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Grad class raising funds to honour fallen first responder Wayne Kernachan

An artist's rendering of the sculpture to honour Wayne Kernachan

Castlegar’s 2019 graduating class has come together in a project that proves ‘kids these days’ can be pretty spectacular, as they honour a local first responder who was killed in a tragic MVI in November.

Wayne Kernachan, owner of Keegz South Country Towing, was only 51 when he tried to help a motorist in distress and was struck and killed by an oncoming vehicle. Kernachan was a fixture of the Genelle/Castlegar landscape: a father of three, a respected and hardworking business owner, and a diligent first responder to a plethora of motor vehicle incidents in the region.

“A lot of the grad students were really impacted by his death, and really moved by this group of unsung heroes,” said grad mom Amy Bell (congratulations to her daughter, Kierstin). “The visual of the convoy of tow trucks was very powerful.”

She said every year, the grad class endeavours to produce a legacy project – something that will resonate for future students and the community as a whole.

“I think in the past, it’s been kind of tricky to choose a project - to get 100 students to unanimously agree on something (of this scale).”

Not so this year.

The students enthusiastically agreed on the need to have a permanent local memorial for Kernachan, and approached Castlegar Sculpture Walk to see about including a small commissioned sculpture in Wayne’s honour. Despite it being months after the deadline, Sculpture Walk graciously made an exception to include the project.

“I reached out to an artist I know in Cranbrook, Paul Reimer, who is a blacksmith, and told him what we were looking for,” Bell said (to see Reimer’s work, go to https://paulreimer.ca/ ). “After we talked for about 15 minutes, he said, ‘I think this man’s impact was bigger than a one-foot sculpture.’”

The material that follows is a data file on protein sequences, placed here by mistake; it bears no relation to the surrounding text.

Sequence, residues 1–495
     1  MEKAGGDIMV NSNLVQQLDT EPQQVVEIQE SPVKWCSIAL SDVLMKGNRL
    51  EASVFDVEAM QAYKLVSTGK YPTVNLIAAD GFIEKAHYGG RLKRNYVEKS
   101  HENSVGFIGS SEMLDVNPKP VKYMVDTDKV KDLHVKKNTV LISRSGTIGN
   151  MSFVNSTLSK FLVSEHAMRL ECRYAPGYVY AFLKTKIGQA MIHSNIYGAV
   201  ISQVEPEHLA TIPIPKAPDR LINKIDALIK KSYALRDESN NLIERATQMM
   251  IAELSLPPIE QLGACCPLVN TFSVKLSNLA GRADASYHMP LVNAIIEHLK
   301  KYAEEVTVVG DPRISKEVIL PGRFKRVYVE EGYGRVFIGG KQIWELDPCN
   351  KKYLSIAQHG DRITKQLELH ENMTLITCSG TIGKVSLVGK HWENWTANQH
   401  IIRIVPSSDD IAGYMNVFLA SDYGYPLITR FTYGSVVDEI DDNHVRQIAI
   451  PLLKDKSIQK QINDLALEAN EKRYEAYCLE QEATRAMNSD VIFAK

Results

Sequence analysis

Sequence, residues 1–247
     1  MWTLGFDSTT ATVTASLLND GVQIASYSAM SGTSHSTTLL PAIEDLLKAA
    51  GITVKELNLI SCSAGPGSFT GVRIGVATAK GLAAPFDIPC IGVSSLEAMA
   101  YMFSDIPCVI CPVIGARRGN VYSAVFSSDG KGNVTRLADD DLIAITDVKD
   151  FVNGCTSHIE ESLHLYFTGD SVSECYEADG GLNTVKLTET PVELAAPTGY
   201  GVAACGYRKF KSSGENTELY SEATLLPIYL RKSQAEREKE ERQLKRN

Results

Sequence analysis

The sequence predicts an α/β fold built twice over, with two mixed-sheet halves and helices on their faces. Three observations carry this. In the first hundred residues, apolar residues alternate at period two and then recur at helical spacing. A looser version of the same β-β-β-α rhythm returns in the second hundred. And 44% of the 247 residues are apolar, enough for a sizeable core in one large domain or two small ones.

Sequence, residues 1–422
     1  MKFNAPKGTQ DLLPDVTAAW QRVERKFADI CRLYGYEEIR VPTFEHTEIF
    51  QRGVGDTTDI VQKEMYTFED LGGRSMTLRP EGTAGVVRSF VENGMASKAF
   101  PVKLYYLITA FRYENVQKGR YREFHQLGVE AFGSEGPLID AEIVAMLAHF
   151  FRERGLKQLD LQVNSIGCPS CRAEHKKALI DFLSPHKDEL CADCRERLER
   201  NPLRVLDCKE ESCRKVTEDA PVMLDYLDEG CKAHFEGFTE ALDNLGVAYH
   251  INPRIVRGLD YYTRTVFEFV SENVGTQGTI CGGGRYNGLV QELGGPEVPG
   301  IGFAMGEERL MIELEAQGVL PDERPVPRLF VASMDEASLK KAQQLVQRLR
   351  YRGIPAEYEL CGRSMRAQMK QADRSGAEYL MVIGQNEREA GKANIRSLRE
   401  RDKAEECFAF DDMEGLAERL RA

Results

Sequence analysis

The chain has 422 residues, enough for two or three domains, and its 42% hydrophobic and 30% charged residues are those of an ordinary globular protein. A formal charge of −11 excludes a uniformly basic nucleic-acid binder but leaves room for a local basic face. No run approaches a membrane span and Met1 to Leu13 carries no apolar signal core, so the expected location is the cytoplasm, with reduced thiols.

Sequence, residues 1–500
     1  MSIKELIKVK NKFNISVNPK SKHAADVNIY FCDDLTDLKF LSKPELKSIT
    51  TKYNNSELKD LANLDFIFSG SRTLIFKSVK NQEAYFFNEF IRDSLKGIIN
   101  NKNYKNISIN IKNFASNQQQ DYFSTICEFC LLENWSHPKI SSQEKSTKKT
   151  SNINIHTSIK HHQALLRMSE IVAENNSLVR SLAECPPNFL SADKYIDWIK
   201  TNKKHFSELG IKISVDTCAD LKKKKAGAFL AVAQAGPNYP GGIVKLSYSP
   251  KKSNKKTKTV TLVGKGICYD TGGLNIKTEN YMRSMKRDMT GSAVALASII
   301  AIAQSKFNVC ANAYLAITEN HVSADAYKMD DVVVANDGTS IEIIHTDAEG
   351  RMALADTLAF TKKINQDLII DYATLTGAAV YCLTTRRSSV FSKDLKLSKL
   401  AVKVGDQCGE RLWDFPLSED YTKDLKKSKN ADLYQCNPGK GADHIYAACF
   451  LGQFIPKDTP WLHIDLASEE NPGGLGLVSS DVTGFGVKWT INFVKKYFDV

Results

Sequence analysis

She said he mulled it over for a few days, and came back with the conceptual design you can now see attached to this article, which is a bench designed after the Keegz flatbed truck.

“It’s a $5,500 project,” Bell said. “The grads have contributed $2,000, and we’re hoping to raise the other $3,500 with our Go Fund Me page.”

The page can be viewed by clicking here, and has a touching description of the project’s intent, “This year's grad class wish to honor this man as well as all tow truck drivers as the often unsung heroes responding to accidents. Wayne was a huge part of our community, and our hope is to have a piece to commemorate his life and impact. We would be extremely grateful for the financial support of the community in which Wayne worked and lived - let's partner together to celebrate his life and legacy.”

The sculpture will be entered into the Castlegar Sculpture Walk from May to October, so it’s important that they raise the funds by the end of April. The grads also intend to approach Kernachan’s family and the City of Castlegar to determine the best option for the sculpture’s permanent placement after October.

“This year’s grad class is particularly community minded, and so thoughtful,” Bell said. “They are so invested in making sure Wayne is remembered and honoured.”

Again, the link to donate is https://www.gofundme.com/honoring-wayne-kernachan?member=1899760&utm_source=facebook&utm_medium=social&utm_campaign=fb_co_campmgmt_w&fbclid=IwAR0w5VbmgqsmGnEFTj12bUg6BtmEH-gd3Ozo9nNIdX_xQOJgiy1lOSccJN4

And from The Castlegar Source, congratulations to the grads of 2019!